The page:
You have been reporting from Afghanistan for the last eight years. Thus you have been able to see the entire electoral process and its prelude. So how do the Afghan people feel about the formation of the government of national unity?

Afghans are actually relieved that there is at least a government again. They are happy that things will start moving now after almost half a year of political deadlock. Salaries at some of the NGOs and schools will be paid again, and contracts for work will be awarded again. The value of the currency is always a good indication in Afghanistan of what the economic sector thinks; businessmen were optimistic when John Kerry came here to intervene in the elections crisis, but when the actual unity government deal was made, the value of the currency didn’t change, which means the business sector is cautious about Afghanistan’s future.

Some political analysts have a dim view of the future of democracy in Afghanistan because of this compromise.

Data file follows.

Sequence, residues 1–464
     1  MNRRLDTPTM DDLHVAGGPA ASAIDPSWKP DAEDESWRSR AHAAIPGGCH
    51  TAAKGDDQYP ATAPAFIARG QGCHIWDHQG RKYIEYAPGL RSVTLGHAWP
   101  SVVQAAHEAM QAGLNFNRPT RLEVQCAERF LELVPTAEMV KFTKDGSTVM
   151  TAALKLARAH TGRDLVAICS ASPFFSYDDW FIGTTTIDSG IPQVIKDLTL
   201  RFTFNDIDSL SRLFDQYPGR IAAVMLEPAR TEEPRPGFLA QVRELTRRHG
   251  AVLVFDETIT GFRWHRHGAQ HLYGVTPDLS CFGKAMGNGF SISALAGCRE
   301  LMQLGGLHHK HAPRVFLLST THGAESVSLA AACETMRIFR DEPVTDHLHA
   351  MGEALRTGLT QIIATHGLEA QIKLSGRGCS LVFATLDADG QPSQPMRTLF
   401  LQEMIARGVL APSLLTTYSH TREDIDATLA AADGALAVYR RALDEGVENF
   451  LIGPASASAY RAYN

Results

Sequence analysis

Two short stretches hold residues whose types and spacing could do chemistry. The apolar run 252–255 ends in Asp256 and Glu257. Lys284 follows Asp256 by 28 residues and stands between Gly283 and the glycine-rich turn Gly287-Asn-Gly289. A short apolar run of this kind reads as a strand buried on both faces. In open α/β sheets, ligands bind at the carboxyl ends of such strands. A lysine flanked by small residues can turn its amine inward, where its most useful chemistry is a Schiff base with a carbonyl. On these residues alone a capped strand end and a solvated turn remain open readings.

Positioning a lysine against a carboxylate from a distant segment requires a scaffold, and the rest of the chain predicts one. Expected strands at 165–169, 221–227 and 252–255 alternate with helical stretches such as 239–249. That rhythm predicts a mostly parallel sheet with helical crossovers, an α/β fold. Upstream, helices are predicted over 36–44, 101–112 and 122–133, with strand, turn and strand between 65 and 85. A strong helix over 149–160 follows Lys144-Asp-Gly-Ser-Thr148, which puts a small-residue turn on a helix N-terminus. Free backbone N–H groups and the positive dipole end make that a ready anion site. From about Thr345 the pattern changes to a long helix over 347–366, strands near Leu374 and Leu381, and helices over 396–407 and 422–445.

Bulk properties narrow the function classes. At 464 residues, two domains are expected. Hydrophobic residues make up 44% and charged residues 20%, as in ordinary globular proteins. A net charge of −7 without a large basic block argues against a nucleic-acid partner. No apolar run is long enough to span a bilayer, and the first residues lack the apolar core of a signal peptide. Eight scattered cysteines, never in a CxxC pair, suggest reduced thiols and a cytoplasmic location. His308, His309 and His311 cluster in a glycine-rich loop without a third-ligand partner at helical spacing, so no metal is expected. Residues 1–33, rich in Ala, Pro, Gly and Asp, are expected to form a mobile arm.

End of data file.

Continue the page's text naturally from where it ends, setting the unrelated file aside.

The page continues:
The 2014 elections were obviously not a good exercise for democracy. People are now much more skeptical about any future elections. It would be tough now to convince people to risk their lives and come out to vote. Their votes evaporated, as in 2009. What is also important to say is that the audit of the second round, where the international community recounted the votes, didn’t go well. The international community didn’t coordinate and prepare for it sufficiently. In Kabul they call the audit “a nice try,” but due to mismanagement the audit didn’t achieve its objectives. The good news is that the political transition happened without violence, and there has been no serious eruption of conflict. You need to give the two leaders a little bit of time to distribute powers among themselves. For the longer term, it is difficult to say now what political shape the country will take. After 13 years of international intervention, there are no strong institutions in place. Ghani has some interesting plans for the country and wants to curb corruption.